Since news broke of a deal struck between the Illinois Lottery and private management firm Camelot Illinois, many in the state have become familiar with the top-line lottery numbers: it’s the 12th largest lottery in the U.S. with per capita average sales of about $223, and last year it commanded $2.85 billion in total sales.
Lottery revenues, however, are in trouble. With draw games like Powerball falling by $74 million over a single year, it should be easy to spot this kind of drop. But a $60 million increase in instant tickets makes up enough of the difference that Lottery Fund revenues only appear on the surface to have fallen by a measly 0.5%, or $14 million.
Much of the new Camelot deal is still shrouded in secrecy, buried in the page-long redactions of the company’s bid. There’s no way to know whether Camelot is promising Illinois more than it is able to give.
As reported by the Chicago Tribune, Camelot’s proposal calls for 15% of any profits beyond their “guaranteed” first tier goal, then 20% if it meets a second tier goal, and 25% for meeting a third tier goal or beyond. But Camelot asked the state not to release the dollar amounts of those levels. The Tribune report notes, “if those levels are set artificially low, it could mean more money for Camelot and less for the state.”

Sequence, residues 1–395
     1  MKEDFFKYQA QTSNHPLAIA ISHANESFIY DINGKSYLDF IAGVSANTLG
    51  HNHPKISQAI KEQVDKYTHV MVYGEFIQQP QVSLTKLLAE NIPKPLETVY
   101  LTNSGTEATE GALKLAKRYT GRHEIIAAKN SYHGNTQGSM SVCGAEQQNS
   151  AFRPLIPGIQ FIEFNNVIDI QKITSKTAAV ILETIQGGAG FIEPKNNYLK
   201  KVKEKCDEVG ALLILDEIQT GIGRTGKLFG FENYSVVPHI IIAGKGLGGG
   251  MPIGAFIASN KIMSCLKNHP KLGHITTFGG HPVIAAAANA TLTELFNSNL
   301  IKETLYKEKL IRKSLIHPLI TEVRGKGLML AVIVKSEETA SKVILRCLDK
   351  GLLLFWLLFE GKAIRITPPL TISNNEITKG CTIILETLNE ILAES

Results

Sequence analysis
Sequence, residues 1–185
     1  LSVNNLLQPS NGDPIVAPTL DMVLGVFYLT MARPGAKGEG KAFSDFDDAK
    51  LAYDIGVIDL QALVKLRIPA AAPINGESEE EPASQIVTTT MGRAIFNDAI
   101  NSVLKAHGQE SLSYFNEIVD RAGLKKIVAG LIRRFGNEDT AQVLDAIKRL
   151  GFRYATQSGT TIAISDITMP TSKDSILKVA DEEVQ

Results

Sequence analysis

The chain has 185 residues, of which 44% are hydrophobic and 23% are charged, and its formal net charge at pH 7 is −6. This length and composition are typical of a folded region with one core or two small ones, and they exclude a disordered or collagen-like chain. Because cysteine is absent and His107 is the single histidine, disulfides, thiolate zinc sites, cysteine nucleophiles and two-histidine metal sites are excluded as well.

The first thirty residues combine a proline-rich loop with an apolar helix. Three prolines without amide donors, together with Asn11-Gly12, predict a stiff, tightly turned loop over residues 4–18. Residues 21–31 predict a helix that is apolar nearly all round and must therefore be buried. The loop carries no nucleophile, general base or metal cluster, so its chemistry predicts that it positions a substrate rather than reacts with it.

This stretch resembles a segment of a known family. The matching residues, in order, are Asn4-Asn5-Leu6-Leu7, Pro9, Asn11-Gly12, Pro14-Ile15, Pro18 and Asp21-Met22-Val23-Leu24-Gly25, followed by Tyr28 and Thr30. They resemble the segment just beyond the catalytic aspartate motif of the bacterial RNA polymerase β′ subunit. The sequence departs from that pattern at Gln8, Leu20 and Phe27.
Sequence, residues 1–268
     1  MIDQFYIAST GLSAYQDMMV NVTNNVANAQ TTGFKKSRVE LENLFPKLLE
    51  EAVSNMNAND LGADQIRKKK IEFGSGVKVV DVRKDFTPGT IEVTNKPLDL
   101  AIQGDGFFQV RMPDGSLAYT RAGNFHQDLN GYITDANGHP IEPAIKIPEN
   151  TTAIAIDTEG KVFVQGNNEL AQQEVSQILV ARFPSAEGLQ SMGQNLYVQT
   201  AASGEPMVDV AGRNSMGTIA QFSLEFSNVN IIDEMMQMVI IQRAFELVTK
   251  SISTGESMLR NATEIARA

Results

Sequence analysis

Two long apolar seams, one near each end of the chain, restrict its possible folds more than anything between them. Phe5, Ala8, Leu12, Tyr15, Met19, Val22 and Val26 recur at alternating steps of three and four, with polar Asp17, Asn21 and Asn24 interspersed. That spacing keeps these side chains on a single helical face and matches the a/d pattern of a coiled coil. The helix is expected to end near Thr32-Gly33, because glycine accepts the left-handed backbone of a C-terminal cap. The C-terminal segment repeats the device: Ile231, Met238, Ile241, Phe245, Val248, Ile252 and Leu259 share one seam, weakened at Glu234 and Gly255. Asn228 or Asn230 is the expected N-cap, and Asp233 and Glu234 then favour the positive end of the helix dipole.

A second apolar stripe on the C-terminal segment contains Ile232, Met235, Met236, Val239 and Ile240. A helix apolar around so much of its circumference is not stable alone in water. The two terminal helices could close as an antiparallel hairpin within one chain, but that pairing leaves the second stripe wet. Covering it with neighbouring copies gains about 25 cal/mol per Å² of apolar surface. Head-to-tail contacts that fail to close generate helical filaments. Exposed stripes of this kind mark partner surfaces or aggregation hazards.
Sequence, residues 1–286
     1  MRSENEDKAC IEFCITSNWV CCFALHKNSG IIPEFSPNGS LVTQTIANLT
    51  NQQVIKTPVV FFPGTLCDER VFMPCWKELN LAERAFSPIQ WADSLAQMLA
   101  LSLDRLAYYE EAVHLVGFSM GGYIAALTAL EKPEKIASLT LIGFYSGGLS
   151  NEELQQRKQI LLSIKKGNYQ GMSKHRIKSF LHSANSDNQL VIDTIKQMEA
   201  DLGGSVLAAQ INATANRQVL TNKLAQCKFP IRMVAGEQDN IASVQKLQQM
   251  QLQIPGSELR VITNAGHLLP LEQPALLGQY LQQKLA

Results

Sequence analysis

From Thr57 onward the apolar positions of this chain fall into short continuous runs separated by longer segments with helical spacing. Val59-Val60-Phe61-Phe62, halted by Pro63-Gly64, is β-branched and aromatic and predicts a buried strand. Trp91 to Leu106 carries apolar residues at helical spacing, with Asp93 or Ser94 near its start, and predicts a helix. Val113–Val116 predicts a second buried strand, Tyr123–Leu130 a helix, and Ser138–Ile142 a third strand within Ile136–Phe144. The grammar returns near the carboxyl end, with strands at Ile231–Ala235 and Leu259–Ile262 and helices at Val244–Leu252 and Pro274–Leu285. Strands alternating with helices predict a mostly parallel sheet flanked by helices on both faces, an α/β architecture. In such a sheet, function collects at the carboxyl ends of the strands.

Lawmakers have become frustrated seeking answers about the deal. Rep. Lou Lang (D-Skokie) told the Tribune, “It is a significant issue that requires much analysis… This analysis cannot be properly accomplished without all of the information and data.”
The Daily Line set out to answer Lang.
Despite unpredictable performance, wagering is still a powerful force for state tax revenues. FY2017 saw a harvest of $1.31 billion in overall wagering, which the Commission on Government Forecasting and Accountability measured as an 8% increase from the previous year. Lottery-related revenues, at $738 million, made up over half of that. Compared to video gaming, horse racing and riverboat dollars, the Lottery Fund transfers dominated wagering.
The relative proportion of the lottery to other wagering revenues may elicit some early optimism, especially when the most recent COGFA figures indicate Lottery Fund transfers to the state’s General Revenue Fund rose 1.5% from last year, increasing by $1 million from $68 million. The growth sounds promising. But it’s not. Overall Lottery Fund numbers fell by 7.5%, dropping from $165 million last year to $153 million in the current year.